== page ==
From the lochan, we headed east uphill on a newly constructed path towards Glen Catacol. From here there were great views back down to our pitch for the previous night as well as of Arran’s Corbetts once we reached the highest point of the path.
We stayed on this well made path to near the top of Glen Catacol, roughly a kilometre from Loch Tanna, a wild camping location from a couple of years ago. We crossed the Abhainn Mor – a crystal clear and very picturesque river – and stopped to refill our water bottles and take a layer off as the drizzle that had been with us since we packed up had now eased off.
After sorting ourselves out, we continued on the path through and out of Glen Catacol at the village of Catacol, where we stopped for an early lunch. There is a concrete road bridge that passes over the Abhainn Mor as it reaches the sea and this made an ideal lunch stop as the river was shallow enough to find a dry spot underneath the bridge as the rain had now started again and was getting heavier. We had a hearty pit stop and set off towards Lochranza along the A841.
Being just a couple of miles from Catacol, we reached Lochranza very quickly and stopped at the Sandwich Station near the ferry terminal for some ice cream, a fitting treat considering the rain! Still, it’s never the wrong weather for ice cream! This didn’t take long to polish off and we were soon on our way in what was now pretty heavy rain through the village towards the Postman’s Path, which goes to Laggan Cottage on Arran’s northern coastline. We pressed on and made good progress up the well graded path and continued downhill towards Laggan, where we stopped to decide our next move.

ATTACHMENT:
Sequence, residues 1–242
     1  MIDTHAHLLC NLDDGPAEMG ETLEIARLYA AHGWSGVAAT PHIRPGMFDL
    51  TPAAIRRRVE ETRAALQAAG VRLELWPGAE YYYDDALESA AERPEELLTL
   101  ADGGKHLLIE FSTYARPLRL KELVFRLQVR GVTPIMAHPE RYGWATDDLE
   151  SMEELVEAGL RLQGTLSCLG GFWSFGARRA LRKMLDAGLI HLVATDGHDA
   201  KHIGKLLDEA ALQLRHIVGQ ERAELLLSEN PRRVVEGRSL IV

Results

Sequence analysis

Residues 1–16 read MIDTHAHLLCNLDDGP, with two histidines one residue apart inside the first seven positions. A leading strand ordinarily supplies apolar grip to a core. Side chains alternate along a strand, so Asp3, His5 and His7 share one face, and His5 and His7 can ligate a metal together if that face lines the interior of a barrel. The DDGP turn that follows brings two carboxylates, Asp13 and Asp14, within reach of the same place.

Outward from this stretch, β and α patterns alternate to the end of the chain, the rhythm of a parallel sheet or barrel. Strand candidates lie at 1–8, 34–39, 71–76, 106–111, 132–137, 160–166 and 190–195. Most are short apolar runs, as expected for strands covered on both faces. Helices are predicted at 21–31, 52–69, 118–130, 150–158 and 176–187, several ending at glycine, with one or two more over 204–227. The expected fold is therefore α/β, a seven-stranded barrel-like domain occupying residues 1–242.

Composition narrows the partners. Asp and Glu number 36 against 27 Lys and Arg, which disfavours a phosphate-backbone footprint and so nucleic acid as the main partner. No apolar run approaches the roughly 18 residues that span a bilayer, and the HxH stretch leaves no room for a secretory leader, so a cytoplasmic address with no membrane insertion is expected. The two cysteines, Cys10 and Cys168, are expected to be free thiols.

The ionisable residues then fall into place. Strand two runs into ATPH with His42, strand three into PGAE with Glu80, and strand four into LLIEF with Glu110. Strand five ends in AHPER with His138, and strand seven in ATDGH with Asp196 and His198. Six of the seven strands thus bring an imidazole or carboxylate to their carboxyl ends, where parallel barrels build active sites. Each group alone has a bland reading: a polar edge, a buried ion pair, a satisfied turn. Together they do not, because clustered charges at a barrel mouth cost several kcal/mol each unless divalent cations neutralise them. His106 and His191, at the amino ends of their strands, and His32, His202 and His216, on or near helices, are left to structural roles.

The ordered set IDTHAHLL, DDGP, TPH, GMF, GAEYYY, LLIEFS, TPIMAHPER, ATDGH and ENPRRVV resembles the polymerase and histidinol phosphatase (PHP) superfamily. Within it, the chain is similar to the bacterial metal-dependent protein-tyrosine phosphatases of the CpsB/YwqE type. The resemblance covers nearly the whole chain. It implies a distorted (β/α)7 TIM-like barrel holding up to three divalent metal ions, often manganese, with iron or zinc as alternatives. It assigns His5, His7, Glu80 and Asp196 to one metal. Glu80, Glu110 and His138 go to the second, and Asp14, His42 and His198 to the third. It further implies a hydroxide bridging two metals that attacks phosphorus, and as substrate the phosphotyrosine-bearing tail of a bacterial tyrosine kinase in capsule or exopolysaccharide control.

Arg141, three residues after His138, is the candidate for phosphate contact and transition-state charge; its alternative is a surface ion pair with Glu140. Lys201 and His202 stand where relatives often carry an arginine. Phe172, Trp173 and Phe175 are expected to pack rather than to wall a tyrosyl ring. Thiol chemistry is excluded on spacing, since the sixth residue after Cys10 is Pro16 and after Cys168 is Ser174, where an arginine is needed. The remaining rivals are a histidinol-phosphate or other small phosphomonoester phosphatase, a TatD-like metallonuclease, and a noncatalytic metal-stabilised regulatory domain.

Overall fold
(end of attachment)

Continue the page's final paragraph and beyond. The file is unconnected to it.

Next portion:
Although the rain was beginning to ease, the wind was still fairly strong with very strong occasional gusts, not great weather for camping. Around Laggan was the ideal location for another night’s wild camping (a usual haunt for us) and after scouting out a few potential sites, we decided that it was just too windy to bother with another night’s camping. As we were now as far away from a road as it’s possible to be along the northern coast of the island, we decided to continue South East towards the village of Sannox.